Colon Cancer Treatment & Therapy Options
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Colon Cancer Treatment Options
Cancer Treatment Centers of America (CTCA) offers a variety of innovative procedures designed to target colon cancer while minimizing the side effects and impact on your life. Your treatment will depend on the stage of cancer, your overall health and your treatment goals.
Our doctors take time to understand your individual needs and then work with you to develop a colon cancer treatment plan that's right for you.
Surgery can be used to treat colon cancer in both the early and advanced stages. Depending on the stage and your treatment goals, surgery may be used in conjunction with other colon cancer treatments, such as chemotherapy and targeted therapy.
Surgery for colon cancer is performed to remove tumors and the cancerous portion of the colon. To ensure all of the cancerous tissue is removed, a small portion of healthy colon tissue adjacent to the cancerous tissue will also be removed. Additionally, several nearby lymph nodes will be removed. Pathologists examine the lymph nodes under a microscope to determine if cancer cells are present. This information helps doctors stage the disease and determine if additional treatment is needed.
- Polypectomy - In early stages of colon cancer (stage 0 and stage 1), the cancer can sometimes be treated by removing the polyp.
- Colon Resection (colectomy) - The cancerous portion of the colon is surgically removed. A colostomy may also be performed to help the body eliminate waste.
- The da Vinci® Surgical System - This sophisticated robotic surgical platform enables our surgeons to perform complex and delicate surgical procedures with improved precision, vision, dexterity and control. It can be a less invasive option for performing colon resection.
- Liver Resection - For some colon cancer patients who have metastatic disease in the liver, surgery to remove a portion of the liver containing the cancer may be a viable treatment option.
- Radiofrequency Ablation - Heated radiofrequency waves treat cancerous tumors. This procedure, which targets cancer that has spread to other parts of the body, like the
liver, may be performed during surgery for colon cancer.
The anti-cancer drugs used in chemotherapy are designed to inhibit the rapid division of cancer cells. Depending on your individual treatment plan, your oncologist may recommend using chemotherapy as a treatment for colon cancer after surgery. This type of treatment is used to help destroy any remaining cancer cells.
Typically, chemotherapy for colon cancer is administered through intravenous (IV) infusion. For this method of delivery, first a needle is inserted into a vein in your arm or hand. Then, a catheter (thin plastic tube) is inserted and the needle is removed. The chemotherapy flows through a tube attached to the catheter. The tube extends from an IV bag or bottle containing the medicine. The chemotherapy is slowly released into your bloodstream, traveling throughout your body.
At CTCA, we use a variety of innovative delivery methods to administer chemotherapy to a particular area of the body, including:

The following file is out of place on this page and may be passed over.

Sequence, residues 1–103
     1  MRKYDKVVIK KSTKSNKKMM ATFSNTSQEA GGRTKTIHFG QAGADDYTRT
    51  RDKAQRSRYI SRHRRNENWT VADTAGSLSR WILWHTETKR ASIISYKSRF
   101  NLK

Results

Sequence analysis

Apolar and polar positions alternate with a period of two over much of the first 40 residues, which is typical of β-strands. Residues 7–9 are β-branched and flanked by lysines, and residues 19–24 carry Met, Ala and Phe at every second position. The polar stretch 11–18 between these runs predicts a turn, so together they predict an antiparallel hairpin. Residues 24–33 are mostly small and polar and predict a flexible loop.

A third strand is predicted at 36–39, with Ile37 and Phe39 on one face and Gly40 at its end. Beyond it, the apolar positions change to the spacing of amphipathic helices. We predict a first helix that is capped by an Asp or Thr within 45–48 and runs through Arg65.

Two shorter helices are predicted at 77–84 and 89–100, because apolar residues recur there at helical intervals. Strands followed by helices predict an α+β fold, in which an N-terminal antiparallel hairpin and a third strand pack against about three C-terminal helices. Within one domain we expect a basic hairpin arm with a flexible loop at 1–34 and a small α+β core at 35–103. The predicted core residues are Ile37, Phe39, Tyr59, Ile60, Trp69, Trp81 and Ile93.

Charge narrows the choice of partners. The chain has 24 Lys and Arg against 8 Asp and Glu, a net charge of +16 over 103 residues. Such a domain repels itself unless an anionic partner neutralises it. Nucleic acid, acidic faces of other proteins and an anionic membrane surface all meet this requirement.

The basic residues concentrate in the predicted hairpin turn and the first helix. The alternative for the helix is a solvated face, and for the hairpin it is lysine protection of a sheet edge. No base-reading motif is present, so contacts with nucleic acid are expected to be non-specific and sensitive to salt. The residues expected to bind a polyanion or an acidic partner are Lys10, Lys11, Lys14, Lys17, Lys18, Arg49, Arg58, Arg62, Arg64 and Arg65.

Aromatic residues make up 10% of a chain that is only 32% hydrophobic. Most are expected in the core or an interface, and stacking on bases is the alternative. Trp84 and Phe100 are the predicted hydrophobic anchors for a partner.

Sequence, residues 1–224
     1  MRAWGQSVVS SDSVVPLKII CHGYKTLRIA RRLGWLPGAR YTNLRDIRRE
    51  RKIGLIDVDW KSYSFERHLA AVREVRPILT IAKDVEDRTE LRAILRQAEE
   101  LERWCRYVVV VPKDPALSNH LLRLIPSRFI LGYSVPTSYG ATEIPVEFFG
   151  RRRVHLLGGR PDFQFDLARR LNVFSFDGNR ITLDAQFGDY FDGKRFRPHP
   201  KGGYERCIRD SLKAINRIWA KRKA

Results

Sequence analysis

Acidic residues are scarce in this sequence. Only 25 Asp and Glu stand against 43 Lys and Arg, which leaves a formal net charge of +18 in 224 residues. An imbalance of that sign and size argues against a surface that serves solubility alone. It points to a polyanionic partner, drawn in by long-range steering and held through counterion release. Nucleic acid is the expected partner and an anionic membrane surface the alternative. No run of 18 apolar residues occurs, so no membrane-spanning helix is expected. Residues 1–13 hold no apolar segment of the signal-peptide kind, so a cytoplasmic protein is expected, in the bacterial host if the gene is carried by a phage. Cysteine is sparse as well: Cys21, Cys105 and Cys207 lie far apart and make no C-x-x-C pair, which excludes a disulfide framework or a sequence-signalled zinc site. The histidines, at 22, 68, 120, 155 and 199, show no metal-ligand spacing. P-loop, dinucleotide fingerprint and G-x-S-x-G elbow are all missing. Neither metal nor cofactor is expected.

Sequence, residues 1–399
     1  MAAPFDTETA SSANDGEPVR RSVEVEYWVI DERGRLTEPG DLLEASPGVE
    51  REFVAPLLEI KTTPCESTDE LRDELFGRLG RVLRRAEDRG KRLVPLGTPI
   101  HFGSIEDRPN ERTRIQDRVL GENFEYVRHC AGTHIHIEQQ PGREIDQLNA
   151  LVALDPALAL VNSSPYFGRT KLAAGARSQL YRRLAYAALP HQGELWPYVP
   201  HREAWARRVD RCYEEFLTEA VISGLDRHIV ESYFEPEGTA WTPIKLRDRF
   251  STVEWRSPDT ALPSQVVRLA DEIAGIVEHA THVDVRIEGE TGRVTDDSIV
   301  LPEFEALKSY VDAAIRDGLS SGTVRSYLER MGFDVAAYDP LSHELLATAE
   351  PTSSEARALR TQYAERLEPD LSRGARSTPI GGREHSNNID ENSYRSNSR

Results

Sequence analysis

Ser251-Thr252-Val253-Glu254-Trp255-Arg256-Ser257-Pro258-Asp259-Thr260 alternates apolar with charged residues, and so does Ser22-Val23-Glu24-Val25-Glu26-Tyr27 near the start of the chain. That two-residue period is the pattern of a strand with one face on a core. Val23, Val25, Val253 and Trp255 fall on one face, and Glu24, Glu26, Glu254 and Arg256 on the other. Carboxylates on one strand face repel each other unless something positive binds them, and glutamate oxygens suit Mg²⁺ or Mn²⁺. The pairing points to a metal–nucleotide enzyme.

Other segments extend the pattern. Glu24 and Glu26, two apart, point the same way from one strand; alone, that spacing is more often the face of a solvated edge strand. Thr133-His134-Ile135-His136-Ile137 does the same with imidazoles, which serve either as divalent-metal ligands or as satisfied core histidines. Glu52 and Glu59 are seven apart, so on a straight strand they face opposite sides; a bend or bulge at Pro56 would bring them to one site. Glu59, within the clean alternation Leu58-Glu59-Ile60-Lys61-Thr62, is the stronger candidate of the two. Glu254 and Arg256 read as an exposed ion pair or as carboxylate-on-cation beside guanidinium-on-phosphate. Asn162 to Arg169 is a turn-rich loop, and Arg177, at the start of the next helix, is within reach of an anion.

- Hyperthermic Intraperitoneal Chemotherapy (HIPEC) - HIPEC is a heated, sterilized chemotherapy solution which is delivered directly to the abdomen immediately following surgery. The goal of this treatment for colon cancer is to penetrate and destroy cancer cells that remain in the abdomen after surgery. In comparison to traditional chemotherapy delivery, HIPEC allows for higher doses of chemotherapy treatment. And because the chemotherapy is kept within the abdomen, it minimizes the rest of the body’s exposure to the treatment. This helps reduce some chemotherapy side effects.
- Intra-arterial Chemotherapy (IAC) and Chemoembolization - A targeted dose of chemotherapy drugs are delivered through the hepatic artery directly to the liver. If your cancer has metastasized (spread) to the liver, your oncologist may recommend this type of colon cancer treatment to target tumors in the liver while helping to spare healthy surrounding tissue.
Targeted therapy delivers drugs to cancer cells, preventing these cells from receiving the hormones and nutrients they need to continue to grow. Monoclonal antibody therapy is one targeted drug therapy aimed at leveraging your body’s natural immune response to recognize, attack and destroy colon cancer cells.
In some cases, radiation therapy may be part of a treatment plan for metastatic colon cancer. Radiation therapy targets tumors with precision high-energy rays.
We offer some of the most leading-edge radiation therapies in the United States. These therapies use techniques that deliver concentrated radiation doses directly to the tumor.
Our radiation oncologists use advanced radiation therapy delivery systems, including:
- Intensity Modulated Radiation Therapy (IMRT)
- Intraoperative Radiation Therapy (IORT)
Integrative Therapies for Colon Cancer
We believe caring for your overall well-being is an important part of the treatment process. Our integrative approach treats more than just the cancer. Through the use of mind-body medicine, nutrition therapy and oncology rehabilitation, your team will help to improve your quality of life before, during and after your treatment for colon cancer.
- Nutrition Therapy
- Pain Management
- Naturopathic Medicine
- Mind-Body Medicine
- Oncology Rehabilitation
- Spiritual Support
- Chiropractic Care
- Survivorship Support
The CTCA Difference
At CTCA, we offer traditional medical treatments in combination with supportive cancer therapies—all under one roof. Your treatment plan is designed with your needs and comfort in mind. Together, you and your doctors will chart the best course of treatment for you.
If you're looking for an innovative and personalized approach to treating colon cancer, call us today at 1-800-615-3055 or chat online to explore our colon cancer treatment program in more detail.